"If you want your children to be intelligent, read them fairy tales. If you want them to be more intelligent, read them more fairy tales."When I was a child of about 9 or 10, I used to pour over illustrated fairy tales like Andrew Lang's Red Fairy Book and Blue Fairy Book. My favorite was Old French Fairy Tales, by Sophie Rostopchine, Comtesse De Segur. These were long, complicated tales rich with illustrations that captivated me. I was delighted recently to read Tony DiTerlizzi's newest novel, The Search for Wondla, a highly illustrated adventure which draws as its inspiration old illustrated fairy tales, modern quest stories and creates a richly drawn science fiction world.
Albert Einstein - quoted in the beginning of The Search for Wondla, by Tony DiTerlizzi.
Search for WondlaYoung Eva Nine has grown up entirely within the confines of her underground Sanctuary, under the watchful guidance of Muthr, a robot charged with her upbringing. Now twelve years old, Eva Nine yearns to explore above ground and meet other humans. Her dreams are fueled by a scrap of paper that has the words "Wond" and the letters "L" and "a", showing a picture of a young child walking hand in hand with a robot - her "WondLa". But Muthr (pronounced "mother") insists that Eva must wait a bit longer so she is truly prepared.
by Tony DiTerlizzi
NY: Simon and Schuster, 2010
also available on audio
Teri Hatcher, narrator
ages 9 - 13
available on Amazon and at your local library
One day, the Sanctuary is attacked by a vicious beast and Eva escapes with only the clothes on her back and her Omnipod, a handheld computer device. Suddenly Eva is thrust above ground and must survive on her own. All around her are strange plant forms and living things which her Omnipod cannot identify. She meets Rovender Kit, a strange, blue creature who ends up becoming Eva's trusted friend and guide, and she is ruthlessly pursued by the beast who destroyed her Sanctuary. Together, Eva, Rovender and Muthr search this strange, fascinating world for other human life forms.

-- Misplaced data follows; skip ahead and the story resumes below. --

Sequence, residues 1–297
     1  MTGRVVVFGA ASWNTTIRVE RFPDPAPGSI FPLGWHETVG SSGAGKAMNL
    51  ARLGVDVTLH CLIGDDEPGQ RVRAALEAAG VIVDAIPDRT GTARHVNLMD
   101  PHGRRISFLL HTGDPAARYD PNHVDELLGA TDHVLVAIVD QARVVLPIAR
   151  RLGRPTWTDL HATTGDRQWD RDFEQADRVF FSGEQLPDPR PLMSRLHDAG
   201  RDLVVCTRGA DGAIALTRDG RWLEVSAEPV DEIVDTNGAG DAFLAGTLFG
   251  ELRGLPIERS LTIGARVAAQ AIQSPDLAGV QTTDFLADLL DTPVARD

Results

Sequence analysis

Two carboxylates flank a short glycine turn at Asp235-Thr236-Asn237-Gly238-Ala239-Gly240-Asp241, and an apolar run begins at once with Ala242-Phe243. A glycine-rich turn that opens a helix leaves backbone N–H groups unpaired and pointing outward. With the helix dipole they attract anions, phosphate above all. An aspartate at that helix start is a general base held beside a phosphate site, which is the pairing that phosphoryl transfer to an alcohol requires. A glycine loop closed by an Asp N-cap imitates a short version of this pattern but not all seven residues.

Tony DiTerlizzi, author of the Spiderwick Chronicles, has created wonderful illustrations to highlight his richly imagined world. Each chapter begins with a double-page illustration that captured my interest. I actually listened to this as an audiobook, but each night found myself pouring over the illustrations in the book. In some places, I found the text did not provide quite enough description, as it assumed readers were also looking at the illustrations. But Teri Hatcher's narration captured the voice of Eva perfectly, combining an annoying Tween girl's attitude with her mother's restrictions, with her wonder and fear as she explored this new world. DiTerlizzi has also created an interactive visual map which you access online through WondLaVision. This intrigues some students, but I found it hard to break away from my reading habits, bring the book to the computer, and explore this world.
Several students in my elementary school have started this but not finished it. Its length is definitely daunting. But for those who want to get lost in another world, I'd highly recommend this. Another excellent science fiction series is Mortal Engines, by Philip Reeve. Several of my 5th grade students have loved Fever Crumb and are thrilled that the Mortal Engine series is being re-released in paperback this spring.
The review copy was kindly sent by the publishers. If you make a purchase using the Amazon links on this site, a small portion will go to Great Kid Books (at no cost to you). Thank you for your support.